the Training Credits scheme, but also because she could not get
enough on-the-job experience from the college alone. Her training
was wastefully cut short, though her college tutor felt that her
progress had been fine.
The concentration of learning in specific workplaces creates another


Education and Training 14-19: Chaos or Coherence?

problem. Many of our sample of employers talked of the importance

of working in their own idiosyncratic ways. This raises obvious
questions. First, is such idiosyncratic training appropriate for those
young people who will not be kept on in the same firm, but will look
for jobs elsewhere? Second, if all trainees should be brought into
contact with excellent practice, however excellence is defined, can this
realistically be done in most workplaces? Third, can training in
current practices prepare the adaptable and flexible workforce that
current policy makers identify as essential for our future prosperity?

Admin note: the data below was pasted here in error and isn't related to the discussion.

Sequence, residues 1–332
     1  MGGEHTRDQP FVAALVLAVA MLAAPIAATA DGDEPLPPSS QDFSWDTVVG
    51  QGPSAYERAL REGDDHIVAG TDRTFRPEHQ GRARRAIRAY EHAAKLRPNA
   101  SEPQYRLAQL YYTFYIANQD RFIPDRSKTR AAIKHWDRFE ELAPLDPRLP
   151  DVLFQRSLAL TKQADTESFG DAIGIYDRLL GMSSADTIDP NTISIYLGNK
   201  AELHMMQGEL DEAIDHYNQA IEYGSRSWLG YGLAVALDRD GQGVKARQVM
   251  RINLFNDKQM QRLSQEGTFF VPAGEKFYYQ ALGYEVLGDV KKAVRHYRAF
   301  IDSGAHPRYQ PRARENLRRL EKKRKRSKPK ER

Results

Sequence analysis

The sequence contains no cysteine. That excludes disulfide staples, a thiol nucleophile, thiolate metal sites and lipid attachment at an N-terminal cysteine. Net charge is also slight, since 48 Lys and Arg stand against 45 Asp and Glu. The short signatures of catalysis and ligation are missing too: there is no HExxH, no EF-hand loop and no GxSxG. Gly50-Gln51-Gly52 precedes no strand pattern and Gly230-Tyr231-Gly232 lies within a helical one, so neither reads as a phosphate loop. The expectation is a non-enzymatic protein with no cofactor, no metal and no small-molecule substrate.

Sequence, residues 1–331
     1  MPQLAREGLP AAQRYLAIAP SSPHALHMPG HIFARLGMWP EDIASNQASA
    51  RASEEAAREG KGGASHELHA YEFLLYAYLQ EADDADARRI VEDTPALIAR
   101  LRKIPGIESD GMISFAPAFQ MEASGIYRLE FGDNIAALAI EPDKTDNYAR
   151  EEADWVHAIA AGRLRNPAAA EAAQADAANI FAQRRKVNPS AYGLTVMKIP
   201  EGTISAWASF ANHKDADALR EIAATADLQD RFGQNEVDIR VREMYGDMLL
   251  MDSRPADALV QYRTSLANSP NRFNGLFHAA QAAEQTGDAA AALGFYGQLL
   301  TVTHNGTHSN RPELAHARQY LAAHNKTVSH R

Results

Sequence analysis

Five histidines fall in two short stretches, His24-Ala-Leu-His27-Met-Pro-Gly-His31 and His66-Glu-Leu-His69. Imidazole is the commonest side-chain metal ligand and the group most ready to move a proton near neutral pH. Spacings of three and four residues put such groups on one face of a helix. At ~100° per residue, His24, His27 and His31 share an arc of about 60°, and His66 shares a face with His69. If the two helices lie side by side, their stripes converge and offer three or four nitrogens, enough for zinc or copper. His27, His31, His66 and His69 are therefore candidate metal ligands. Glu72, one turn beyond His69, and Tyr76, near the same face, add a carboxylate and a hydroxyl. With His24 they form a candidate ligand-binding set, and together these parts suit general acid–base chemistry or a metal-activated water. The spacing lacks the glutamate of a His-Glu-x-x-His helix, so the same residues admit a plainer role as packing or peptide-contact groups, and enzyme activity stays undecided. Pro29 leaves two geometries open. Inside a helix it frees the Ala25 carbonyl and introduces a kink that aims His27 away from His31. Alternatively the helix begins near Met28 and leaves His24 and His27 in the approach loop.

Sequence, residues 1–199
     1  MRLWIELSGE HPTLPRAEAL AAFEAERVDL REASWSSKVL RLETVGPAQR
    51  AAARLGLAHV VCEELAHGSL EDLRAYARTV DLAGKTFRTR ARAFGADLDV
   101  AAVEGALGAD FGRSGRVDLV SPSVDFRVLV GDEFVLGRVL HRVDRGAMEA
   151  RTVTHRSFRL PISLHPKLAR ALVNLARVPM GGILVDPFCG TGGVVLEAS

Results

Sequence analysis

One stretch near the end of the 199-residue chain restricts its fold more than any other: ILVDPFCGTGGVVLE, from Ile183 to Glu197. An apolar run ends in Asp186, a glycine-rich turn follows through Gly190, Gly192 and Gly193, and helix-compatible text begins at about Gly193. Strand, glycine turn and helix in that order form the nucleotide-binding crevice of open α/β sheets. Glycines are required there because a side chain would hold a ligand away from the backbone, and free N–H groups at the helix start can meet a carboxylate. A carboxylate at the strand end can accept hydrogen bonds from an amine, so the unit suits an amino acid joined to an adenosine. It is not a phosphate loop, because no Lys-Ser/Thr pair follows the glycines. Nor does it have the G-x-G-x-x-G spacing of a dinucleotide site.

Our interviews suggest that the answer to all of these might be 'no'. It
follows that substantial elements of off-the-job training may be
beneficial in most cases. This may be more necessary when a trainee
is located with a small employer, even though small employers are
often reluctant to release young people from the workplace.
Many of the training providers with whom we spoke felt that NVQs
were not enough on their own. The agricultural college provided
additional theory on David's farming course, whilst Peter's tutor, on
a traditional engineering course, was highly sceptical about the
adequacy of NVQs. Such views reinforce other research, which
suggests that NVQs give inadequate coverage of theory and core
skills. For example, Steedman and Hawkins (1994) suggest that, in the
building trades, mathematical content has been greatly reduced in the
transition from a traditional City and Guilds qualification to an NVQ,
and that this widens the skills gap between British trainees and their
counterparts in France and Germany. Our Training Credits study
suggests the problem may exist in other occupational areas. A new